Higher education institutions are an essential component of the U.S. R&D system, performing almost half of U.S. basic research and training the next generation of scientists and engineers across fields. The federal government, primarily through six agencies, provides more than half of academic R&D funding. Academic institutions themselves are the second-largest contributor to academic R&D. Most academic R&D is performed by the same small percentage of U.S. higher education institutions that award the majority of S&E doctoral degrees. Among S&E fields, life sciences and engineering continue to dominate academic R&D.

The United States ranked highest in overall higher education expenditure on R&D, but ranked 23rd out of 44 countries in higher education R&D expenditure as a percentage of GDP.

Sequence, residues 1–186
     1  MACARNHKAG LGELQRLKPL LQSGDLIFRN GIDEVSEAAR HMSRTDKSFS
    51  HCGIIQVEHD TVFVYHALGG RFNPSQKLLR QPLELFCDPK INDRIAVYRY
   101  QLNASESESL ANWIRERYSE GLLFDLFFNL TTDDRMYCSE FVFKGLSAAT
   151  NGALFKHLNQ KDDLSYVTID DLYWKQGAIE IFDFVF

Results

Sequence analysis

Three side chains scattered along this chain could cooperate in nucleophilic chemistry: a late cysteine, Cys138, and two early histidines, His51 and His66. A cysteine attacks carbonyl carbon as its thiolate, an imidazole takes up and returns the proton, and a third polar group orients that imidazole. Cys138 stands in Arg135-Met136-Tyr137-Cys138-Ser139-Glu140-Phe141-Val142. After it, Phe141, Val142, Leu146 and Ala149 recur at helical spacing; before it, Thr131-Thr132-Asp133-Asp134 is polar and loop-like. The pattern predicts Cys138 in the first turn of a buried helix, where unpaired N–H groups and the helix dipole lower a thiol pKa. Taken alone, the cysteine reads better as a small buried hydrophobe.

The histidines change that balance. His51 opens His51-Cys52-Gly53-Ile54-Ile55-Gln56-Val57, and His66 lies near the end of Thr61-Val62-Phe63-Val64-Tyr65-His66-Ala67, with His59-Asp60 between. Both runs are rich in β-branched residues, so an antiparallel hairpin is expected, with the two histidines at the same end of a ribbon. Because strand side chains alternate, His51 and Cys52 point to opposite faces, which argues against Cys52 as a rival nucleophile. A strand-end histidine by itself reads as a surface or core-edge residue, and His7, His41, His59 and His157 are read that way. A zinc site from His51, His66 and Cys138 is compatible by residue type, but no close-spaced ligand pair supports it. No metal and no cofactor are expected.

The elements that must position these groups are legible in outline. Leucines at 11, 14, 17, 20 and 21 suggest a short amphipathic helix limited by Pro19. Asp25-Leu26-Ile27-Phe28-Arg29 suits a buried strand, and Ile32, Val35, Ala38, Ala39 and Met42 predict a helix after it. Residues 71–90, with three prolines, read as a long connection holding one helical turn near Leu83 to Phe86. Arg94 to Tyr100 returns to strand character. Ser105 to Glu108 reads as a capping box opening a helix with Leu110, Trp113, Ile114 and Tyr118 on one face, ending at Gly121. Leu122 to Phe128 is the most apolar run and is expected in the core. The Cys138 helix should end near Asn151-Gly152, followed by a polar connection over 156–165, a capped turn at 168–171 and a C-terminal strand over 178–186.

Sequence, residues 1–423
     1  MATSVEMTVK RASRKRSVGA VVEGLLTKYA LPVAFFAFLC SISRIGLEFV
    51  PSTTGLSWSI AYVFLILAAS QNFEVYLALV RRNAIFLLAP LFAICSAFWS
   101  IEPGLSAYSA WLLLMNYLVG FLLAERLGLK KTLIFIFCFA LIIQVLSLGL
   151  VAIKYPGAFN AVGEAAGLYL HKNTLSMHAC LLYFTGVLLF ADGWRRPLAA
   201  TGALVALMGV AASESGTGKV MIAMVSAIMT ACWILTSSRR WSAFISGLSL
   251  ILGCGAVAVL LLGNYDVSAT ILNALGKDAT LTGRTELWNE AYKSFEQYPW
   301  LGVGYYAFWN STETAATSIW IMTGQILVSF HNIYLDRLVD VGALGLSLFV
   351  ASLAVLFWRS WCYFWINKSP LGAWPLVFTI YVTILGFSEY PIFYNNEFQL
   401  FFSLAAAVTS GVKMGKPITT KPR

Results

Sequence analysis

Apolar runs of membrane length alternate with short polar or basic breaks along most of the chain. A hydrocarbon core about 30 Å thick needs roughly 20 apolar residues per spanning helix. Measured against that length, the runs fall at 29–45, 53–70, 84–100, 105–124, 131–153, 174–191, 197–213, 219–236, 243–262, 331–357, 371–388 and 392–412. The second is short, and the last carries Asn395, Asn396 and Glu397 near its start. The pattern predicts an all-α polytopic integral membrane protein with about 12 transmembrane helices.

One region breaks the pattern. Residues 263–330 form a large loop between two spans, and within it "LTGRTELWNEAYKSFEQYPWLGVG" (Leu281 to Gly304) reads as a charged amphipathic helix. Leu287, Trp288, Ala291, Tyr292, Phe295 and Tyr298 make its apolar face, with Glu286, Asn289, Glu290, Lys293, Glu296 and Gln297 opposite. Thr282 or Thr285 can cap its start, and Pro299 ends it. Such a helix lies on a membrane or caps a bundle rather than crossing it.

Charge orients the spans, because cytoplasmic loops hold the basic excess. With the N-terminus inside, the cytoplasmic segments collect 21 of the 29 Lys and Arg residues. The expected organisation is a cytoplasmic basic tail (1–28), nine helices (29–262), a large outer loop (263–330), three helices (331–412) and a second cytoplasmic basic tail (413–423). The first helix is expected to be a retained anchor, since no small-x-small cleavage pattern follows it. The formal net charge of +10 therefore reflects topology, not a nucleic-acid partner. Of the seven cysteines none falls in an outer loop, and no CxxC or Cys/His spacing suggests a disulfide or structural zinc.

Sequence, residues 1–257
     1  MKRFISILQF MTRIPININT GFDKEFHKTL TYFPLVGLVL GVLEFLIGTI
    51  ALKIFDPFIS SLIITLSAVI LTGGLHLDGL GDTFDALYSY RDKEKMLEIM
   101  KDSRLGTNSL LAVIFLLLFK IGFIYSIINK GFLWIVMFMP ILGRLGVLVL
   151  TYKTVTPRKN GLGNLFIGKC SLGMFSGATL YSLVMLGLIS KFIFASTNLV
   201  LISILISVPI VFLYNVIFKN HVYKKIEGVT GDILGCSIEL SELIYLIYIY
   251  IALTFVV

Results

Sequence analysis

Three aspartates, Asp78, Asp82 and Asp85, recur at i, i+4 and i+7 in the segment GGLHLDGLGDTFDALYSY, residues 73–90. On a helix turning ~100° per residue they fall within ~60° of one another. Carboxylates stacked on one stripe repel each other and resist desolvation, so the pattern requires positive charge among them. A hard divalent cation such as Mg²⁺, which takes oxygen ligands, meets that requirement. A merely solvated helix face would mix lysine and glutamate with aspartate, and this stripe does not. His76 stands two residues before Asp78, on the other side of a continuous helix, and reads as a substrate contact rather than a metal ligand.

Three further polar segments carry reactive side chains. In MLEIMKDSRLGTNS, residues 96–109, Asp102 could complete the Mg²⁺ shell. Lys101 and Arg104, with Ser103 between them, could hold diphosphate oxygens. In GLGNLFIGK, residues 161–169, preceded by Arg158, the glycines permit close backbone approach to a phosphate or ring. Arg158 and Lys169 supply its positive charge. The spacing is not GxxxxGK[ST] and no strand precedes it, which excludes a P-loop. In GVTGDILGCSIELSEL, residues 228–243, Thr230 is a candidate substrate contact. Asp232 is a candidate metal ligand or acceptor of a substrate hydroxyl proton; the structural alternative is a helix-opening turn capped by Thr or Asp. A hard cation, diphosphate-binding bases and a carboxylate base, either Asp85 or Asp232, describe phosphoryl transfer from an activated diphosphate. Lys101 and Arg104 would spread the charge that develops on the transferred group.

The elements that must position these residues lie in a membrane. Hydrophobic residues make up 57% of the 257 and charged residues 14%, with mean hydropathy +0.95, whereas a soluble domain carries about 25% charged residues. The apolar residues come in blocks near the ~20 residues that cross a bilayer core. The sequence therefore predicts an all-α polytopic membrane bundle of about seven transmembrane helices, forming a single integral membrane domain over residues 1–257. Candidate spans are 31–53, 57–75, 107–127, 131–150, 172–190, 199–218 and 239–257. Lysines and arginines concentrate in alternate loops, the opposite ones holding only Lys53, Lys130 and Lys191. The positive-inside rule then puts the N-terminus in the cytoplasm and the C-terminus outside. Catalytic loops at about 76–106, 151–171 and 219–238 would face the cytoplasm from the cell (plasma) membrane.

Physical infrastructure underlies the ability of academic institutions to perform R&D. Research equipment expenditures at academic institutions, when compared in constant dollars, are at their highest levels in six years. However, the federal share of total funding for research equipment has remained below 50% since 2014.

Investments made by the federal government, academic institutions, and other funders in the education and training of students and postdocs relate closely to their investments in academic R&D. Master’s students are largely self-supporting, whereas doctoral students are primarily funded by academic institutions and the federal government. The federal government funds around half of S&E postdocs, mainly through research grants. Institutions themselves fund around a quarter of postdocs. S&E postdoctoral appointments are concentrated in the biological and biomedical sciences and health sciences.